Page:A history of Japanese colour-prints by Woldemar von Seidlitz.djvu/380

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Hokusai may be found in Kuniyoshi's Tatsugawa, the hundred celebrated poets (reproduced in Burty's Catalogue, p. 130). A portrait of him in his eightieth year, by his daughter Oyei, is reproduced by Goncourt in colours at the beginning of his book. We find reproductions of his works in Gonse, i. 94, 95 (landscapes of about 1790), i. 274, and ii. 338 (of the year 1802), and in Anderson's Japanese Wood-Engraving, ill. 24 (interior view in perspective from a work of 1826), as well as in numerous other places. Fenollosa (Outline, pl. xvii.) reproduces one of his paintings.

After a thorough training in youth, Hokusai had risen, about the year 1800, to the first rank of artists; by his subsequent activity, which always exhibited great ability and imagination, and an effort to expand the sphere of representation, he retarded the inevitable decline of Japanese art for decades, but as he was lacking in culture and sterling personality, and remained fast-bound among externals, he was neither able to lead art back to its former height nor to create a new and great style.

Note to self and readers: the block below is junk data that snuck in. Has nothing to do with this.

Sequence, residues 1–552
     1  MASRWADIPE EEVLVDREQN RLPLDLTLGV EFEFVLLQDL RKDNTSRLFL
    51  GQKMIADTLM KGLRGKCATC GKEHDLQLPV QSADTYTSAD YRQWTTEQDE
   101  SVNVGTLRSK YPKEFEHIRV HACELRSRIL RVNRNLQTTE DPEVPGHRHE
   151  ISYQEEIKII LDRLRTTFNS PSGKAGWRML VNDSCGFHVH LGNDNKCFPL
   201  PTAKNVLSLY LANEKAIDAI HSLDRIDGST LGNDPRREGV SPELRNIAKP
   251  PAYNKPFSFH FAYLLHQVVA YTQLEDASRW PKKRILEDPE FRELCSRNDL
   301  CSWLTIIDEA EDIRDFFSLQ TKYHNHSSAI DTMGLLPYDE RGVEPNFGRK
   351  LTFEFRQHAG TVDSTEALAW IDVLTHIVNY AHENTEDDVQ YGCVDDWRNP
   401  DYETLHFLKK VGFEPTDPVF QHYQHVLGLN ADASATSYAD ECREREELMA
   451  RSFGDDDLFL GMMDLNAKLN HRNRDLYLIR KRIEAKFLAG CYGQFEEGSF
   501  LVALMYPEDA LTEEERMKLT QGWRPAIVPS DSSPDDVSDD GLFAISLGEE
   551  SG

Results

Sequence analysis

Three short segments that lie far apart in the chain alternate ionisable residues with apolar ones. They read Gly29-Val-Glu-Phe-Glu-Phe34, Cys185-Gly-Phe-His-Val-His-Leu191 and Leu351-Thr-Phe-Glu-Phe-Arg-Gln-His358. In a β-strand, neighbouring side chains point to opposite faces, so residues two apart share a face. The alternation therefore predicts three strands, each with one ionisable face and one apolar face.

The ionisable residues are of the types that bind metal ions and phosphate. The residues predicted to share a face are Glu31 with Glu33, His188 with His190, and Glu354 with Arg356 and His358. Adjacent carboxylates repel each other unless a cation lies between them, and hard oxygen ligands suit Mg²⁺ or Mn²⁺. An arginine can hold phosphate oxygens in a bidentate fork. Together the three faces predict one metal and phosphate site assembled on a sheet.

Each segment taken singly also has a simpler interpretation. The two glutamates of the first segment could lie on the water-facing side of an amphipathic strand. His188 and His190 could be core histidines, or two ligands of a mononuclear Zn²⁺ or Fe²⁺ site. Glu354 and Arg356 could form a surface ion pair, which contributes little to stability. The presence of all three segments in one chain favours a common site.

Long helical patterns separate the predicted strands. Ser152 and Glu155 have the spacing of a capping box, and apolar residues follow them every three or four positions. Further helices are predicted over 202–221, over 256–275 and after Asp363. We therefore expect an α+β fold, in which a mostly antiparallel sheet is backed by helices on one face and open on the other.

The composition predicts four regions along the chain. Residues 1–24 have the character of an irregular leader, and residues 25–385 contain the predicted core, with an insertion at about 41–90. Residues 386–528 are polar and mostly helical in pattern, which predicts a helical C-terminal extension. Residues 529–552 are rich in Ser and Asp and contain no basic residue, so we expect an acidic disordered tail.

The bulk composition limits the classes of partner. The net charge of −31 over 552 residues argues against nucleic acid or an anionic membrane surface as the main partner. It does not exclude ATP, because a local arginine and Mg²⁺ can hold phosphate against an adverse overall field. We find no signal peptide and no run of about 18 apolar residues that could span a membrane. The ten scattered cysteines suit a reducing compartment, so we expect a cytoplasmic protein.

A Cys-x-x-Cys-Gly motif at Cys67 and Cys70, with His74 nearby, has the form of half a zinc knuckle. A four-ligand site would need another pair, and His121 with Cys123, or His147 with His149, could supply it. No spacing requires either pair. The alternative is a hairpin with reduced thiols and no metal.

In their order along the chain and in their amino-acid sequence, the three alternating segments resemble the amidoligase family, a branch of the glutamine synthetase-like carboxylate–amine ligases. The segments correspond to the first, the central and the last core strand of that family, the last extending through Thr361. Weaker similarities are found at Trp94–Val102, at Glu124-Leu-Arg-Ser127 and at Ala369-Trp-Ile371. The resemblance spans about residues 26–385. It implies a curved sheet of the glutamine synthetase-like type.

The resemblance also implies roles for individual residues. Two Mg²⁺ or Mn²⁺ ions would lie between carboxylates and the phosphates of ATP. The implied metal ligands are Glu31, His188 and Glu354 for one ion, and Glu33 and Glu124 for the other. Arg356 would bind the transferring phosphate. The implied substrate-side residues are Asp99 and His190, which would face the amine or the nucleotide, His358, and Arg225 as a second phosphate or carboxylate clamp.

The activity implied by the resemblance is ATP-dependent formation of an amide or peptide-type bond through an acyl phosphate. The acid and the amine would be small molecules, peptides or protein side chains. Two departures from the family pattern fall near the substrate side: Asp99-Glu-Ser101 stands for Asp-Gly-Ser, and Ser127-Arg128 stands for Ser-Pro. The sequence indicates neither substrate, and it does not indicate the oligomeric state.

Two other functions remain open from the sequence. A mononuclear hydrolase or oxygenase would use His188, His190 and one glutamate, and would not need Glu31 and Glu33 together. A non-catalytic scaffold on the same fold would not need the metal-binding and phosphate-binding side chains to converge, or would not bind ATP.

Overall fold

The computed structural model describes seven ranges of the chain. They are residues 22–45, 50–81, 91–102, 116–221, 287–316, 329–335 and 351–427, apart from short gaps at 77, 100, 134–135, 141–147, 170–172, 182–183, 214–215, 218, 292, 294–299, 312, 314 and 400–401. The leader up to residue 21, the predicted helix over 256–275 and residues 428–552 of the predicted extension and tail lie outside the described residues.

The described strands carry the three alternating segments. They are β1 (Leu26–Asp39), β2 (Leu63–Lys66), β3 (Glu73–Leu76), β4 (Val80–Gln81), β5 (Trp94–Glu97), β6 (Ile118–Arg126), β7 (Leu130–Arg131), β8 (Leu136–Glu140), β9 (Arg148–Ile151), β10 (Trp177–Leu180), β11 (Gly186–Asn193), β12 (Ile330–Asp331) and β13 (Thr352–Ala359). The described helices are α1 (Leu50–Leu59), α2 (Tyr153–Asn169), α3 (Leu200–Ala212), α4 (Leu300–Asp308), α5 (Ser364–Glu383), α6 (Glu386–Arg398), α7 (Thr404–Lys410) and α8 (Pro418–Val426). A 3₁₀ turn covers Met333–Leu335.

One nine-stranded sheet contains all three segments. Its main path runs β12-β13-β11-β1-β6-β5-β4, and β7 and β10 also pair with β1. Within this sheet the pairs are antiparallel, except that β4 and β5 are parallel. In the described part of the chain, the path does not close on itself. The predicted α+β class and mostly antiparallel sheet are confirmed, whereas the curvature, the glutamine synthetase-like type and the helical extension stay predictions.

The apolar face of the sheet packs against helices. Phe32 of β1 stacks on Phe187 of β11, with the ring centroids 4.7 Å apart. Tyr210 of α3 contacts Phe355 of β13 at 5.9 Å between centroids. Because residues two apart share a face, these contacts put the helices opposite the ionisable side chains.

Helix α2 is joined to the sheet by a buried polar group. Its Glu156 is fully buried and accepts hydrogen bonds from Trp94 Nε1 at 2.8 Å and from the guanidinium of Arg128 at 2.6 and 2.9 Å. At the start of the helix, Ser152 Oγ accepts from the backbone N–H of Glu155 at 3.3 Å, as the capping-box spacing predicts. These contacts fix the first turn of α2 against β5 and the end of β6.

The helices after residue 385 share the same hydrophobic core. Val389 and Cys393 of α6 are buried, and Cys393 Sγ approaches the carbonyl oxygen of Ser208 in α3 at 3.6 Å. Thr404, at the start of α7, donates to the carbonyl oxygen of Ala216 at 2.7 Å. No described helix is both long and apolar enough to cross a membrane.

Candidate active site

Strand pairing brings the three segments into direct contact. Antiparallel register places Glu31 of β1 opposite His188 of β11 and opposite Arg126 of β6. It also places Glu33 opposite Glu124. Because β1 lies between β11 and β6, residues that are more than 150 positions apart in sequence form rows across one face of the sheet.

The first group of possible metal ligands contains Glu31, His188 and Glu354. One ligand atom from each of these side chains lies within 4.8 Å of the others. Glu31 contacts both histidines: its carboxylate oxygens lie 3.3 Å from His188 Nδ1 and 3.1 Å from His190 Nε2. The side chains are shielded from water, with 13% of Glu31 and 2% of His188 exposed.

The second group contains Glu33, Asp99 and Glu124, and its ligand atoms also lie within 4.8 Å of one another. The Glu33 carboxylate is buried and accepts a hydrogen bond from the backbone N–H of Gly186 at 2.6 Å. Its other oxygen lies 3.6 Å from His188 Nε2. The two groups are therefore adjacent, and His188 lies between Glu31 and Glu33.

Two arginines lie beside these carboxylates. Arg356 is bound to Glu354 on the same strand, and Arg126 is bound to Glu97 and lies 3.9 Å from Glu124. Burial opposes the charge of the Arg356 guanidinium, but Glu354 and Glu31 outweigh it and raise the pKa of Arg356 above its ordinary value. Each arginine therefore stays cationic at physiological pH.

In addition to the data previously given concerning his individual works, we may here add the following.

Single sheets:—

  • Actors, in yellow and a little pink, about 1778 (?).
  • Kintoki between a monkey and a dog that is carrying his trunk; early.
  • The same, with a bear and an eagle, black and white, medium size (Berlin Kunstgewerbemuseum).
  • A fisherman caught by a cuttle-fish, near by a youth laughing.
  • Representations of wrestlers, about 1793.
  • Triptych with scenes from the story of the Ronins; under the influence of Kiyonaga.
  • A boat with the gods of fortune fishing; dating from the nineties.
  • Kintoki embracing a bear, with an eagle perched on his shoulder, signed Shunro; under the influence of Kiyonaga.
  • Dakki, the mistress of a Chinese tyrant, looking out from a window at a hangman holding up a child.